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A statuette of a fat, smiling man
Statue of Fudaishi at the Musee Guimet

Fudaishi 傅大士 (a.k.a. Fu Ta-shih)(c. 490c. 560) was a Chinese Buddhist monk who was later deified as the Japanese patron deity of libraries.[1] He is traditionally accredited with the invention of the rinzō (輪蔵), a system of revolving shelving used in Kyōzō libraries.[2] He is often represented alongside his sons, Fuwaku and Fukon.[3]

Fudaishi is noted for his "lecture" on the Diamond Sutra, recorded in the Hekiganroku (Record of the Blue Cliffs). According to this account, Fudaishi was invited to speak by the Emperor Bu-tei. He stepped up to the lectern, struck it a blow with his staff, and then returned to his seat without speaking a word.[4][5]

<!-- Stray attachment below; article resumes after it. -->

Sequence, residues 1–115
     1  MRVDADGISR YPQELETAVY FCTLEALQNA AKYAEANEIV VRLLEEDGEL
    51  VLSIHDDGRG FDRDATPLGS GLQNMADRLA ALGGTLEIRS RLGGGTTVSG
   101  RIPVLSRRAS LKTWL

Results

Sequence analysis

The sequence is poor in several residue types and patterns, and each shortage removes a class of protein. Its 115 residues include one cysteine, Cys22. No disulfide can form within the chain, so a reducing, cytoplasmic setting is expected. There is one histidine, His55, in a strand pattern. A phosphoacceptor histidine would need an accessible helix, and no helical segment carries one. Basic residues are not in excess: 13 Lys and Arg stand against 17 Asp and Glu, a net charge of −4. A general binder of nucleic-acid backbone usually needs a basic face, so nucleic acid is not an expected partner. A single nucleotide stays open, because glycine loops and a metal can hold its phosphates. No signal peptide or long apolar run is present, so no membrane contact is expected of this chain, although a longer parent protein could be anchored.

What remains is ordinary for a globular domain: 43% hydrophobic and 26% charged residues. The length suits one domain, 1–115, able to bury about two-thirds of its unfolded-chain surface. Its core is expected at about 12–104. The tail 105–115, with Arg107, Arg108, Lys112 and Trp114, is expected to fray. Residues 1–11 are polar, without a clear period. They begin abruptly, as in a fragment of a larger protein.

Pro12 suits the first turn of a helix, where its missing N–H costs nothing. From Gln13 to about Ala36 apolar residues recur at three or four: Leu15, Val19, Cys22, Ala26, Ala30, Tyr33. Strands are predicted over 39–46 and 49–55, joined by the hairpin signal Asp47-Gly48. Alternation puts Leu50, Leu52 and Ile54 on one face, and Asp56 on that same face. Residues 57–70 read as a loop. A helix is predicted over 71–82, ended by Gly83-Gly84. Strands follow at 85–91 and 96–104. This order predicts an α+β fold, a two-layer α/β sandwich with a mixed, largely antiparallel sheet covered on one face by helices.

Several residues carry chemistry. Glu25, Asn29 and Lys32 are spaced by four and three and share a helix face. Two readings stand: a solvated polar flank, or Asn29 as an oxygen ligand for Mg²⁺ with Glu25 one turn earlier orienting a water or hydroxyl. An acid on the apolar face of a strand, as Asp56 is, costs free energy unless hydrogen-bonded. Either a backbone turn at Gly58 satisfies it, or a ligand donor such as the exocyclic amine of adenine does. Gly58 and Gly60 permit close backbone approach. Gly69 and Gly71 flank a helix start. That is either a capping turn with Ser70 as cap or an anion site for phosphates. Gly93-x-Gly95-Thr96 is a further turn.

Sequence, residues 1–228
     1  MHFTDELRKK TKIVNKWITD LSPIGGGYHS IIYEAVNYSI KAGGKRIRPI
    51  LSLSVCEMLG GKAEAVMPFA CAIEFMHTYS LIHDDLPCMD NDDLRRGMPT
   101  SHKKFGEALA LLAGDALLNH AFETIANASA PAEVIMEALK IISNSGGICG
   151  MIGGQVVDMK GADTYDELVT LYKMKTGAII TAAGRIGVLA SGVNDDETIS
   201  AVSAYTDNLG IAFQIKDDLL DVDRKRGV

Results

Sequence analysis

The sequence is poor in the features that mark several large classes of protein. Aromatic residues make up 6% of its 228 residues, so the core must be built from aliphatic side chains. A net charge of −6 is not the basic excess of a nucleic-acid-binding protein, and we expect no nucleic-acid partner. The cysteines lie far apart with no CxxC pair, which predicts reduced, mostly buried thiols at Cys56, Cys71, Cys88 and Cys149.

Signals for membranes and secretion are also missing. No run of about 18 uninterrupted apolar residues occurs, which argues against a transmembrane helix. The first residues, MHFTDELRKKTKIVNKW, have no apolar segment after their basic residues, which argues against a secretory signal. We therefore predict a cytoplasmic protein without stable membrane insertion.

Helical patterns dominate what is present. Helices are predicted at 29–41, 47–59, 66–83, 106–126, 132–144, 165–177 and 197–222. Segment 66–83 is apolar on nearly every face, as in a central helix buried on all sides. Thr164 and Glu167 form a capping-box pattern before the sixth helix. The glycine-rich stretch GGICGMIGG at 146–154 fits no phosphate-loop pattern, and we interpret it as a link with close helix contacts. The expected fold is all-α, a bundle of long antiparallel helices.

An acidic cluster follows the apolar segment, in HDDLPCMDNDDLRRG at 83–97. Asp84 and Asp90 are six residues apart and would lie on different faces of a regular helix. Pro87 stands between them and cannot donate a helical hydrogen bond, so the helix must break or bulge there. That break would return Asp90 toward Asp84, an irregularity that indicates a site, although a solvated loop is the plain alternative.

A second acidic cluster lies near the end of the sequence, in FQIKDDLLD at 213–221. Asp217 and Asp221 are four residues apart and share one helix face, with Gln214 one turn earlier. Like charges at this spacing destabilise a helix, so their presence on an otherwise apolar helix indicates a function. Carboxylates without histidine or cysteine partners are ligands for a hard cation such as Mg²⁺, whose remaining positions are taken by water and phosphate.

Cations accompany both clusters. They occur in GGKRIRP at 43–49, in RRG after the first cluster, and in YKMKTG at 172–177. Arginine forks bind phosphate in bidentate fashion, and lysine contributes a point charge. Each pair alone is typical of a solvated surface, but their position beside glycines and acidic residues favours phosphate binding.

He is regarded as in incarnation of Miroku, the Waiting Buddha.[1]


  1. ^ a b Louis Fr?d?ric; Louis-Frédéric (2002). Japan Encyclopedia. Harvard University Press. p. 194. ISBN 978-0-674-01753-5.
  2. ^ Daisetz Teitaro Suzuki (27 September 2012). Manual Of Zen Buddhism. Netlancers Inc. p. 132. ISBN 978-1-62394-103-1.
  3. ^ Iso Mutsu (13 December 2013). Kamakura: Fact and Legend: Fact and Legend. Tuttle Publishing. p. 277. ISBN 978-1-4629-0871-4.
  4. ^ Zenkei Shibayama (13 December 2013). A Flower Does Not Talk: Zen Essays. Tuttle Publishing. p. 14. ISBN 978-1-4629-0971-1.
  5. ^ Zhiyu; Hakuin (1977). Every End Exposed: The 100 Koans of Master Kidō : with the Answers of Hakuin-Zen. Autumn Press. p. 22. ISBN 978-0-394-42069-1.